Clean Energy, Cleantech venture capital, Hydro, Vietnam

Vietnam connects new hydroelectric plant

February 4, 2008 (UPI) – The Tuyen Quang hydroelectric plant’s generator was connected to the national power grid in Vietnam, the Vietnam News Agency reported. The plant, which cost more than $438 million to build, will have three generators when finished with a total capacity of 342 megawatts. Continue reading

ADB, Australia, China, Clean Energy, Hydro, India, Indonesia, Japan, Korea, Legislation, Malaysia, Myanmar, New Zealand, Nuclear, Philippines, Singapore, Solar, Thailand, Vietnam

Asia’s tigers eye nuclear future

February 15, 2008 (Asia Times) – The 2005-07 spike in petroleum prices topping out at US$100 a barrel has prodded economic planners across the globe to reconsider their energy options in an age of growing concern over global warming and carbon emissions. The Southeast Asian economies, beneficiaries of an oil and gas export bonanza through the 1970s-1990s, now find themselves in an energy crunch as once-ample reserves run down and the search is on for new and cleaner energy supplies. Notably, regional leaders at the 13th ASEAN Summit in Singapore in November 2007 issued a statement promoting civilian nuclear power, alongside renewable and alternative energy sources. Continue reading

Biofuels, Vietnam

Vietnam approves plan to use biofuels

November 22, 2007 (Reuters) – Vietnam, which has a technology-sharing pact with leading ethanol producer Brazil, on Thursday approved the production and use of biofuels as it seeks to diversify its energy sources.

Vietnam’s Deputy Prime Minister Hoang Trung Hai said in a directive that biofuel output, including ethanol, would reach 250,000 tons by 2015 and 1.8 million tons by 2025, meeting 5 percent of the energy-hungry Southeast Asian country’s total fuel demand.

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Biodiesel, Jatropha, Vietnam

Vietnam on the Jatropha Bandwagon

September 28, 2007 (VietNamNet) – A group of researchers from the HCM City-based Institute for Tropical Biology is conducting a pilot project, in which they plant Purging nut (Jatropha curcas L.) to process bio-fuel.The researchers have grown purging nut in the southern province of Binh Phuoc, which has suitable weather and soil conditions for this kind of tree. Purging nut can release fruit from six to twelve months.

According to researchers, the oil content of seed of purging nut is around 35-45% so one hectare of purging nut can produce 2,500 to 3,000l of bio-diesel a year.

They said that it is quite simple to produce bio-diesel from the oil of purging nut seed. Methanol and potassium hydroxide are two basic, cheap chemicals used to make bio-diesel from purging nut oil.

The waste of purging nut seed can be used to produce organic fertilizer because it contains high content of protein and some anti-pesticide compounds.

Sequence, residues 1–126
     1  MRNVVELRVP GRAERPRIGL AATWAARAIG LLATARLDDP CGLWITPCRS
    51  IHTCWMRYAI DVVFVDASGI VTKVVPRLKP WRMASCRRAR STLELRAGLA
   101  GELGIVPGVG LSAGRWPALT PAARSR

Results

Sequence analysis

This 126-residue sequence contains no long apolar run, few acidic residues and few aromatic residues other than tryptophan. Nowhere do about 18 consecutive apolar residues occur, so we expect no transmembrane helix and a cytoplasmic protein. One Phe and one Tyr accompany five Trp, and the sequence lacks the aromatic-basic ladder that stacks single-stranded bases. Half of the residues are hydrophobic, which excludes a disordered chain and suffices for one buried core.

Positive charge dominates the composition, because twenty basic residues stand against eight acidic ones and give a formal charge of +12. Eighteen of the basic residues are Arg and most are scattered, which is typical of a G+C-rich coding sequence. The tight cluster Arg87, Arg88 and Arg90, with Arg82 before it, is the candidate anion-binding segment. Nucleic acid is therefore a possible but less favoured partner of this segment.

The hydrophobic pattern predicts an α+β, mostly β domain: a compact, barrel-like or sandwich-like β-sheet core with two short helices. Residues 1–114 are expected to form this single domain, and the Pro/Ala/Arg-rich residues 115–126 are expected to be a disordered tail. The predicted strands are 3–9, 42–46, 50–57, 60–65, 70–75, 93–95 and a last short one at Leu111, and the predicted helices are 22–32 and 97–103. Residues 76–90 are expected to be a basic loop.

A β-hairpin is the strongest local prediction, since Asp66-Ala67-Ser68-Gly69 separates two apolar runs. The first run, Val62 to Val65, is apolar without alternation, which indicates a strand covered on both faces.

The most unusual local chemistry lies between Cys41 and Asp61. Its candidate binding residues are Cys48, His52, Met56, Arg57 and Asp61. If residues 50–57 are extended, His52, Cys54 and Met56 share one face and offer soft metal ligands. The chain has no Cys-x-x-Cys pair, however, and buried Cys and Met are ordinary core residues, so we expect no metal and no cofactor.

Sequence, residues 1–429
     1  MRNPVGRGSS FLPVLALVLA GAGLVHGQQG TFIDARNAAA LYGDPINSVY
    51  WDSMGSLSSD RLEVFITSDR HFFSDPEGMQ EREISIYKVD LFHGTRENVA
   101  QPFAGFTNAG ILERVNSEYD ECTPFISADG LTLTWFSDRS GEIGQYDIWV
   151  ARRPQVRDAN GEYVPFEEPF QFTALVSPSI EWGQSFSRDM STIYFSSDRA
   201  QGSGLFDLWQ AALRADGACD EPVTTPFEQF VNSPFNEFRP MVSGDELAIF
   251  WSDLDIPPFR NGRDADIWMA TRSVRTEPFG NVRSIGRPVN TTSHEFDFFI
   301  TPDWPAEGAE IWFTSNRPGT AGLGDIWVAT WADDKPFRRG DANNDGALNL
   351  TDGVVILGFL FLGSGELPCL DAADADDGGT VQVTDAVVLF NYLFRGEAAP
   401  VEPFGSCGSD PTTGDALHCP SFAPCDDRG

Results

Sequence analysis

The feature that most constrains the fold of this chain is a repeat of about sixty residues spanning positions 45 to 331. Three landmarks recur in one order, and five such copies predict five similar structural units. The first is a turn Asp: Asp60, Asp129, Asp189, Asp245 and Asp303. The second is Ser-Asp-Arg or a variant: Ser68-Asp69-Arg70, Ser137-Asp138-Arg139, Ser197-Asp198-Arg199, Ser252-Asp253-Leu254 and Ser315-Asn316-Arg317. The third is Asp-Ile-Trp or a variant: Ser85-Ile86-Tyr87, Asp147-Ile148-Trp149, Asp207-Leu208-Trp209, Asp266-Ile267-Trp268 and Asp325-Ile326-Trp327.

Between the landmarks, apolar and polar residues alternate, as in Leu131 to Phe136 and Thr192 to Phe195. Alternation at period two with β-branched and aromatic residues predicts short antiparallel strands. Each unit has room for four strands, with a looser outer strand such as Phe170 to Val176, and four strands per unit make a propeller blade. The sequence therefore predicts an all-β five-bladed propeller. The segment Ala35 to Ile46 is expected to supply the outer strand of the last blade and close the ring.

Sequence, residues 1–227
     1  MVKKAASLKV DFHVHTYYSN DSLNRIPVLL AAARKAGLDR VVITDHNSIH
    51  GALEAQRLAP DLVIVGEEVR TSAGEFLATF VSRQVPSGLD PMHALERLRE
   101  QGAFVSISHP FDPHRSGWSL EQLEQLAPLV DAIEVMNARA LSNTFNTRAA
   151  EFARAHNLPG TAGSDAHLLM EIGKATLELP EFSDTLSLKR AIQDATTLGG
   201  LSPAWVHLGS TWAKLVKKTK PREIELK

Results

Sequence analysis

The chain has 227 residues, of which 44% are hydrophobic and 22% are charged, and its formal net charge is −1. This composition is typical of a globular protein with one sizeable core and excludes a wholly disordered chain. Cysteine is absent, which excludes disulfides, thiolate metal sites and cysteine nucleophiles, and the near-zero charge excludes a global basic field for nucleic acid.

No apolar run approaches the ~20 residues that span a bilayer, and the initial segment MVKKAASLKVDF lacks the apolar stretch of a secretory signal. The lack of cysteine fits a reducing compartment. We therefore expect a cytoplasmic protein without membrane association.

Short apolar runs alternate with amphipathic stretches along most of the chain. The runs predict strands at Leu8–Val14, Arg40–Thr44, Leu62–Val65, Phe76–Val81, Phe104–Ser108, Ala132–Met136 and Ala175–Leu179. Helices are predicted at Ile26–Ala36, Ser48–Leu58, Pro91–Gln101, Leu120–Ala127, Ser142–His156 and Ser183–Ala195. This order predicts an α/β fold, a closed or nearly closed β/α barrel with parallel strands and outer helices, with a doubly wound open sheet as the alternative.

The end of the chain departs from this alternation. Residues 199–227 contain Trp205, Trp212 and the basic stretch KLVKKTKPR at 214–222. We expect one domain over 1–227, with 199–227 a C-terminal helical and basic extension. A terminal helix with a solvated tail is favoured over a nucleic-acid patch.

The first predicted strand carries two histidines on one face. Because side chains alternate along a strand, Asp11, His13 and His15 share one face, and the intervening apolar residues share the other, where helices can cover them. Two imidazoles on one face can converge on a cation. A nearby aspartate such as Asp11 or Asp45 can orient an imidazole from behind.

This kind of plant is drought resistant and it can develop on exhausted soil, sandy soil, etc. Purging nut is also good for protecting soil and to prevent erosion on hills. It is also one kind of perennial tree, which has a life span of 30-40 years.

This tropical crop is native to Mexico and Central America, but is cultivated in many other Latin American, Asian and African countries as a hedge.

ADB, Cleantech venture capital, Geothermal, Vietnam

ADB to Finance $931 Million Vietnam Thermal Power Project

September 21, 2007 (ADB) – The Asian Development Bank (ADB) has approved a US$28 million first-stage loan for Viet Nam’s Mong Duong thermal power project. The plant will ultimately add 2,200 megawatts of generating capacity to Viet Nam’s electricity system. Total ADB funding under the two-stage financing program will be $931 million.

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Carbon Credits, Climate Change, Renewable Energy, Vietnam

Vietnam CDM Projects Encouraged

August 10, 2007 (Viet Nam News) HA NOI — Projects using a clean development mechanism (CDM) in Viet Nam will now benefit from tax incentives, preferential land rent and investment credit.

CDM projects include initiatives that use environmentally friendly technology, prove to generate no or little greenhouse gas and are recognised by the International CDM Executive Board.

The incentives were set out in a decision, recently approved by Prime Minister Nguyen Tan Dung, that aims to encourage the flow of investments into CDM projects in the context of increasing global warming.

The decision also stipulated that investors would be provided with financial support in working out CDM projects as well as benefit from a priority on selling products made by CDM projects.

When carrying out projects that meet CDM criteria, investors must follow Vietnamese laws and international conventions that the country has signed. The projects must also carry out environmental impact assessments.

The PM’s decision also regulates for the transfer of certified emissions reductions (CERs) by investors, while CERs will be managed by the Viet Nam Fund for Environmental Protection.

Investors can sell CERs or use them in their own countries if they are foreign investors.